Written by Philip M. Giraldi; Originally appeared at The Unz Review
There are two stories that seem to have been under-reported in the past couple of weeks. The first involves Michael Flynn’s dealings with the Russian United Nations Ambassador Sergey Kislyak. And the second describes yet another bit of espionage conducted by a foreign country directed against the United States. Both stories involve the State of Israel.
The bigger story is, of course, the dismissal by Attorney General William Barr of the criminal charges against former National Security Advisor General Michael Flynn based on malfeasance by the FBI investigators. The curious aspect of the story as it is being related by the mainstream media is that it repeatedly refers to Flynn as having unauthorized contacts with the Russian Ambassador and then having lied about it. The implication is that there was something decidedly shady about Flynn talking to the Russians and that the Russians were up to something.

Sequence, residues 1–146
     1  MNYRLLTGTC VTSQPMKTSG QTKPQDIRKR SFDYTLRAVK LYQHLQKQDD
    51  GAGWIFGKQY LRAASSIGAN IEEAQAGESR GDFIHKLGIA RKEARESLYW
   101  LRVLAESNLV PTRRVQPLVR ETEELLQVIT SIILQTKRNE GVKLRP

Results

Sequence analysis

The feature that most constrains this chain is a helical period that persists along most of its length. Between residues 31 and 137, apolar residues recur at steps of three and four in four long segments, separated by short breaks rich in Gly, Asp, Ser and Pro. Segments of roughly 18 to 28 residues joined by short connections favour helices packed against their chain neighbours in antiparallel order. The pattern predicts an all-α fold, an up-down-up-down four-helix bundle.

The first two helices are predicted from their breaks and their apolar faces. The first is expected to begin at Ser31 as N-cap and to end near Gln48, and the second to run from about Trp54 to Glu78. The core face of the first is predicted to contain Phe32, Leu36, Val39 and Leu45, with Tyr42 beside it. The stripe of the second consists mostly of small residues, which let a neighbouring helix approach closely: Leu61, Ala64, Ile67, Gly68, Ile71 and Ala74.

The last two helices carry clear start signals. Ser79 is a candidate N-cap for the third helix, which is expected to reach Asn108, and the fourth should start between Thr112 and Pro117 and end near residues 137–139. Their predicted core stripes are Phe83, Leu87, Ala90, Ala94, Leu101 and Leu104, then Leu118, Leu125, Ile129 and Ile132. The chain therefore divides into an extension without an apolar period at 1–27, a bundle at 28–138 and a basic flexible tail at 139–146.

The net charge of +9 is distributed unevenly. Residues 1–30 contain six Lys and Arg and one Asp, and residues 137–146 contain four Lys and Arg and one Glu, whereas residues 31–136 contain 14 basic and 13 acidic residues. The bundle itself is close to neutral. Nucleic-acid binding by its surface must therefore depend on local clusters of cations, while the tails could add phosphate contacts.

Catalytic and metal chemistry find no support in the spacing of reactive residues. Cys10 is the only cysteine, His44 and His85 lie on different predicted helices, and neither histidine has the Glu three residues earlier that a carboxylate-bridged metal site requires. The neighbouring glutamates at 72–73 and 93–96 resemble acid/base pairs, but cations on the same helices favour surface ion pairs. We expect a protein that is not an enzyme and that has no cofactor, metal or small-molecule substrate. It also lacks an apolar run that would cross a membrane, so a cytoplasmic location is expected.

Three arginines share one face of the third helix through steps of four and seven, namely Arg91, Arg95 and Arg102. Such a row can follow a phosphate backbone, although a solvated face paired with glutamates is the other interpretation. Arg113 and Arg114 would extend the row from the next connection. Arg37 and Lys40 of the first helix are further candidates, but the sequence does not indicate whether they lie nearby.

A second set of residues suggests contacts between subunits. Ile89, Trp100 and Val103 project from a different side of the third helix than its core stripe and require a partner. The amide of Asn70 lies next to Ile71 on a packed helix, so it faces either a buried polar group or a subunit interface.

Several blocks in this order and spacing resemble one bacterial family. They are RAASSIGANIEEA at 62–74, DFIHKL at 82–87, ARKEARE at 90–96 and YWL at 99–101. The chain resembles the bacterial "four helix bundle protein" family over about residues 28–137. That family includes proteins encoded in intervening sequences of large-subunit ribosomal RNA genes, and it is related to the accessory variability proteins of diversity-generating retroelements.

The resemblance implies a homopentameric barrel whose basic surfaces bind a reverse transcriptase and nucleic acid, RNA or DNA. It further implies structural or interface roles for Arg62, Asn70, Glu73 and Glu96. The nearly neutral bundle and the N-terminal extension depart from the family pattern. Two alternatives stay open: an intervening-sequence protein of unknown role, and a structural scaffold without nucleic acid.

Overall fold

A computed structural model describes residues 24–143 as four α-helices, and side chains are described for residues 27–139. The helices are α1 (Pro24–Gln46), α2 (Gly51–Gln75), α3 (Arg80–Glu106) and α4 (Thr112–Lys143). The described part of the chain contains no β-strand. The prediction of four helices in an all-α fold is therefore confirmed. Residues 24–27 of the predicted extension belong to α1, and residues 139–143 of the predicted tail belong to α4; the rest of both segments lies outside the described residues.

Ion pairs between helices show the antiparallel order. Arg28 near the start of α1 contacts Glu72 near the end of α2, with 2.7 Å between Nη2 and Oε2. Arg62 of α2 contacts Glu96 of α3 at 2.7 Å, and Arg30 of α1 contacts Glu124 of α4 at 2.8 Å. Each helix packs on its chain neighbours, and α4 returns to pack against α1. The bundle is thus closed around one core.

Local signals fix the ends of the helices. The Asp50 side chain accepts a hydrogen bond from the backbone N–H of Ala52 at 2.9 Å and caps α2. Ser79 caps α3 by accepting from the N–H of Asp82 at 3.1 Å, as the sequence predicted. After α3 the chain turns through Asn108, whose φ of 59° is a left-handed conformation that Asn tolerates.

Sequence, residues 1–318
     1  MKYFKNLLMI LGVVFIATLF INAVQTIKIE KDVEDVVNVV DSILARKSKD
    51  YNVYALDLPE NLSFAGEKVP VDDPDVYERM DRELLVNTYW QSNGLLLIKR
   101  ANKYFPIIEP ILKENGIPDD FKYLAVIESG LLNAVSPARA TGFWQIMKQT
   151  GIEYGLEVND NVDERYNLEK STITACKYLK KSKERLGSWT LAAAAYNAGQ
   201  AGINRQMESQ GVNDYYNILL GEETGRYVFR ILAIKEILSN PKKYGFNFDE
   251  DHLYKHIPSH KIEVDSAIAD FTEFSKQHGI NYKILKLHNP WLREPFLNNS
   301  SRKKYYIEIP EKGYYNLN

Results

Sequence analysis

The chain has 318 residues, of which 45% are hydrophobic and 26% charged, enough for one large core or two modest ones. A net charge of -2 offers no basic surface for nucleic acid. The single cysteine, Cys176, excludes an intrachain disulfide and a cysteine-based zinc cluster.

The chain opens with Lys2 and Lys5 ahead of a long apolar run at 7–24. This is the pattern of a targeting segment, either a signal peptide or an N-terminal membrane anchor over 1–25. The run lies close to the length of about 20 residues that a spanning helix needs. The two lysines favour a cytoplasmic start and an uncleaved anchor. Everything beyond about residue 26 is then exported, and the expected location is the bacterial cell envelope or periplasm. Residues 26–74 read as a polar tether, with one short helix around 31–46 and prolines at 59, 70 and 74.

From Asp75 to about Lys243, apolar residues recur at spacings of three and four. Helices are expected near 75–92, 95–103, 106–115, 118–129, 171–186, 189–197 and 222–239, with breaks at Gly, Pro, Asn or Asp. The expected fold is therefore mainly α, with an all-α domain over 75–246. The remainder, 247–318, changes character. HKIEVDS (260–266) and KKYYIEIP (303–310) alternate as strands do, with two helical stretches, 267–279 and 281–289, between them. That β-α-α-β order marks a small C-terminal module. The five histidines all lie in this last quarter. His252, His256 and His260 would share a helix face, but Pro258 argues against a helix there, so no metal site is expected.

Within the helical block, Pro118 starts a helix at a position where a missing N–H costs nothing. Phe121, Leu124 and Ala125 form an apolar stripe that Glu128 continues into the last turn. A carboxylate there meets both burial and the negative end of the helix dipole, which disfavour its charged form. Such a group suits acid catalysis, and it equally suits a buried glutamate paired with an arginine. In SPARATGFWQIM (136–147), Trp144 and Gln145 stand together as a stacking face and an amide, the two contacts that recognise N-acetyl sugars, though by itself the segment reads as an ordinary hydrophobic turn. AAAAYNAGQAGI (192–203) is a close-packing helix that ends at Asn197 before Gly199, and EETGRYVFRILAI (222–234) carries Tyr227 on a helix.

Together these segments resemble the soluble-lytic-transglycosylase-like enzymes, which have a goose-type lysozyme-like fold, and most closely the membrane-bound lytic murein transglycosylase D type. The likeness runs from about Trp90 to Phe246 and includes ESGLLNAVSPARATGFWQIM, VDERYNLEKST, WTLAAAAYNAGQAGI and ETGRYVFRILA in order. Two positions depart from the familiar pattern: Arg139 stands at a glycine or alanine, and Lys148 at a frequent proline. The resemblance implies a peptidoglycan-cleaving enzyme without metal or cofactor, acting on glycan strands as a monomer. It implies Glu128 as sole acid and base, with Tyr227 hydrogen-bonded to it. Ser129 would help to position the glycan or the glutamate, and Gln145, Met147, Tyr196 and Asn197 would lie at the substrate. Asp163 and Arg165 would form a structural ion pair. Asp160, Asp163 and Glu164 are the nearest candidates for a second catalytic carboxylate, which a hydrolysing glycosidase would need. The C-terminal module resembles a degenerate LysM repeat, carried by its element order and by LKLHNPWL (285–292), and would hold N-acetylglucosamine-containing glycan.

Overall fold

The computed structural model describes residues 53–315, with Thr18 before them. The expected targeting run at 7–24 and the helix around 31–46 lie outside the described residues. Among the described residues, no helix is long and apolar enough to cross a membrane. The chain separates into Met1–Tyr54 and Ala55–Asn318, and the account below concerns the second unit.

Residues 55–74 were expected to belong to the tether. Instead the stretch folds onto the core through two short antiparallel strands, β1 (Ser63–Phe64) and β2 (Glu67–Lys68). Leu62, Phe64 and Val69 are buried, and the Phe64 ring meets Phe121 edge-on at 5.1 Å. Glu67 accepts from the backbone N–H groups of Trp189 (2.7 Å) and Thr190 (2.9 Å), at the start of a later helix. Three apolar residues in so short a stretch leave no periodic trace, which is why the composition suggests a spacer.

In reality, the part left out of the story is that the phone call to Kislyak on December 22, 2016, was made by Flynn at the direction of Jared Kushner, who in turn had been approached by Israeli Prime Minister Benjamin Netanyahu. Netanyahu had learned that the Obama Administrating was going to abstain on a United Nations vote condemning the Israeli settlements policy, meaning that for the first time in years a U.N. resolution critical of Israel would pass without drawing a U.S. veto. Kushner, acting for Netanyahu, asked Flynn to contact each delegate from the various countries on the Security Council to delay or kill the resolution. Flynn agreed to do so, which included a call to the Russians. Kislyak took the call but did not agree to veto Security Council Resolution 2334, which passed unanimously on December 23rd.